A Prospective Progress about Chemical and Biophysical Signatures of the Protein Corona in Nanomedicine

Data:2022-06-01  |  【 A  A  A 】  |  【Print】 【Close

Recently, a research team led by Prof. CHEN Chunying from the National Center for Nanoscience and Technology (NCNST) of the Chinese Academy of Sciences (CAS) was invited to publish a Perspective article in the journal of J Am Chem Soc (2022, 144, 21, 9184-9205).

Once the nanoparticles enter the organism, their surface will quickly adsorb protein molecules to form "nano-protein corona". The presence of protein corona will affect and regulate the behavior of the nanoparticles in the organism, their metabolic processes and ultimate fate in vivo, and then affect the biomedical function of nanopharmaceuticals. The formation of the protein corona is influenced by nanomaterials and their physicochemical properties, including size, structure, crystal form and type of surface modified molecules, electrical charge, chirality, etc. At the same time, these properties will affect the site of interaction between biomolecules and nanomaterials, molecular orientation, and biological activity. The study of nano-protein corona is crucial to guide the rational design and clinical translation of nanomedicines.

The research team has long been committed to the establishment of analytical methods for nano-protein corona and their chemical biological effects, including the chemical biological characteristics of nanoprotein corona, in vivo distribution and the transformation products. In recent years, they developed the characterization methods involving isotope labeling, synchrotron radiation scientific devices, spatial multi-omics methods and other highly sensitive and high-resolution in situ quantitative methods to reveal the adsorption law as well as chemical biological characteristics of nano-protein coronas (Nat Nanotechnol, 2021, 16, 708-716; Nat Nanotechnol, 2019, 14, 719-72; Nano Lett, 2021, 21, 6005-6013; Nano Lett, 2019, 19, 4692-4701; ACS Nano, 2020, 14, 5529?5542; J Am Chem Soc, 2013, 135, 17359-17368; PNAS, 2011, 108, 16968-16973, etc.). These studies provide a key and cutting-edge analytical tool for nano-biological effects, and provide new insights for in-depth understanding of the complex biological effects of nano-biological interfaces, which has greatly promoted the development of nano-biology.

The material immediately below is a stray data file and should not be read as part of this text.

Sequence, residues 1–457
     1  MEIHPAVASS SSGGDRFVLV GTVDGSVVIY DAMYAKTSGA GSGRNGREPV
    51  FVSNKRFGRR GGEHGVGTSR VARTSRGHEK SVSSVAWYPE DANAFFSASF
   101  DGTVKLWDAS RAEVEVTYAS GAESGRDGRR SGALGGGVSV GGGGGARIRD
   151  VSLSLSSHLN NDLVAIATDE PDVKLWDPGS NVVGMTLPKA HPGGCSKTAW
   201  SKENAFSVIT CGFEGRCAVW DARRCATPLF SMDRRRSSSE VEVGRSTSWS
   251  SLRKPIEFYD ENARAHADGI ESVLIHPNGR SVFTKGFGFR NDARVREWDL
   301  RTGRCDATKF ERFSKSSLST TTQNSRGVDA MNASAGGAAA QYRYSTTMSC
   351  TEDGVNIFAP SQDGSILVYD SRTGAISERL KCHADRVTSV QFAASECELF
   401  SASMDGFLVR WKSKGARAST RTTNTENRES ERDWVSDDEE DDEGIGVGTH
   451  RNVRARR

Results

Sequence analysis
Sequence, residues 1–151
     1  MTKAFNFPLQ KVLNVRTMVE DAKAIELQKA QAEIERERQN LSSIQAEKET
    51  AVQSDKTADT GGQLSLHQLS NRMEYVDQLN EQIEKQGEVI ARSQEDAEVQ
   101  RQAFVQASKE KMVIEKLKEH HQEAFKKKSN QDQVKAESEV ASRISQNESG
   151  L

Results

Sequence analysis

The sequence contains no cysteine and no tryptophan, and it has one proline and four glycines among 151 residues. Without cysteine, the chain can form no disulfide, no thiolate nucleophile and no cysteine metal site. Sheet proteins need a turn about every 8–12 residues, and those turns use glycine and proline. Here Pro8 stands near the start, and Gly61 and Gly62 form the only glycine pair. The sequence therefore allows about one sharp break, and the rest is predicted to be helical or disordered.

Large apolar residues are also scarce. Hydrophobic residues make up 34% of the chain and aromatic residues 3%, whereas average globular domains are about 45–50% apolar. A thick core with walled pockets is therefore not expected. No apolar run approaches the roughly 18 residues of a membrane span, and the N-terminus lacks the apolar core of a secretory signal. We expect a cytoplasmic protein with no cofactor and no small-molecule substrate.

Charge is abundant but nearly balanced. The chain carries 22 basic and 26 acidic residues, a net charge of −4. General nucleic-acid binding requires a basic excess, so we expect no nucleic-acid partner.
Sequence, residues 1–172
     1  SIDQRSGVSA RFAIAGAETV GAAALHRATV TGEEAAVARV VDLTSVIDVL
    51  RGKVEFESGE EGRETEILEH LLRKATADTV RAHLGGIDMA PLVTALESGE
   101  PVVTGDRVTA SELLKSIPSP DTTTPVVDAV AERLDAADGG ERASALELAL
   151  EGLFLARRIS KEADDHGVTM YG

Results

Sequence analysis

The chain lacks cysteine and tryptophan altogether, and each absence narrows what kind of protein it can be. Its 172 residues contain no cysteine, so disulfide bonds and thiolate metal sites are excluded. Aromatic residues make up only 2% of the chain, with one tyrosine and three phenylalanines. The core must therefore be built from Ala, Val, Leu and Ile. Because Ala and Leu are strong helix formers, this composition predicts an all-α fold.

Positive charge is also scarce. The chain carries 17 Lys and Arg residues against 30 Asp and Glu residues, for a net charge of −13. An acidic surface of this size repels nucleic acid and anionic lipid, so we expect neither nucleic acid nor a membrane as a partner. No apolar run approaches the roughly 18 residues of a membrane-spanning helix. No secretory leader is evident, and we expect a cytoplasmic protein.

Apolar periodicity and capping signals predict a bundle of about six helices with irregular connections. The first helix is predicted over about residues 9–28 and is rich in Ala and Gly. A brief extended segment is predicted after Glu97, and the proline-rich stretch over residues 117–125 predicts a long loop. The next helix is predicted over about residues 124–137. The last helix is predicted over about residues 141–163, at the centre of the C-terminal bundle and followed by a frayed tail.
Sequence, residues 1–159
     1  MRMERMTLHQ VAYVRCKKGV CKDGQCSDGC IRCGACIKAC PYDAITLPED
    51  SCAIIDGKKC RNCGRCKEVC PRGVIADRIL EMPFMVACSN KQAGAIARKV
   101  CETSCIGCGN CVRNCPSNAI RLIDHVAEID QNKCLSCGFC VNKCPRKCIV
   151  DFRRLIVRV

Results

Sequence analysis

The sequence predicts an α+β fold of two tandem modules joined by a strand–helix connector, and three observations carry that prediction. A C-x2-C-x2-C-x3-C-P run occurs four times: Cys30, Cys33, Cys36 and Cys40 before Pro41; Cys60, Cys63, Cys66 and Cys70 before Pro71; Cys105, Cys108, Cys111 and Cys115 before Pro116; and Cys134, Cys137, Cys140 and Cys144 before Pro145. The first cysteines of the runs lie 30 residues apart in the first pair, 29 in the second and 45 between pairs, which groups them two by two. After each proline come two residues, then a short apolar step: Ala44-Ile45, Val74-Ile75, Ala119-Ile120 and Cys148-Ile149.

In this perspective article, the authors deeply discuss the complex interplay between nanoparticles and their biological microenvironments, systematically summarize the chemical and biophysiological characteristics of nano-protein coronas, summarize the latest analytical techniques for determining the abundance, composition and transformation of protein coronas, elaborate nanoparticles across cell and paracellular uptake pathways modulated by the protein corona, and highlight the mechanism of different serum proteins mediating precise targeted delivery. By regulating the molecular composition and surface functionalization of nanoparticles (strategies such as coupling polymers with stealth properties and antibodies to the surface of nanoparticles) to prolong their blood circulation time and enhance tissue target ability. Finally, how to use the chemical properties of nano-protein coronas to guide the design of safe and effective nanomedicines is prospected, and the challenges in the study of the chemical and biological effects of the protein corona and many urgent problems to be solved are also proposed.

REN Jiayu from NCNST, Nicholas Andrikopoulos from Monash University in Australia, and Kelly Velonia from the University of Crete in Greece, are the co-first authors of this paper. Prof. CHEN Chunying from NCNST is the corresponding author. This series of research was supported by the National Key Research and Development Program, the National Natural Science Foundation of China Innovation Group, and the Strategic Priority Research Program of CAS.



The chemical identity of nanoparticles affect their protein corona properties, which in turn determine their biological identity and influence subsequent biological behavior (Image by CHEN Chunying et al)

 

Contact: CHEN Chunying

National Center for Nanoscience and Technology (NCNST)

E-mail: chenchy@nanoctr.cn

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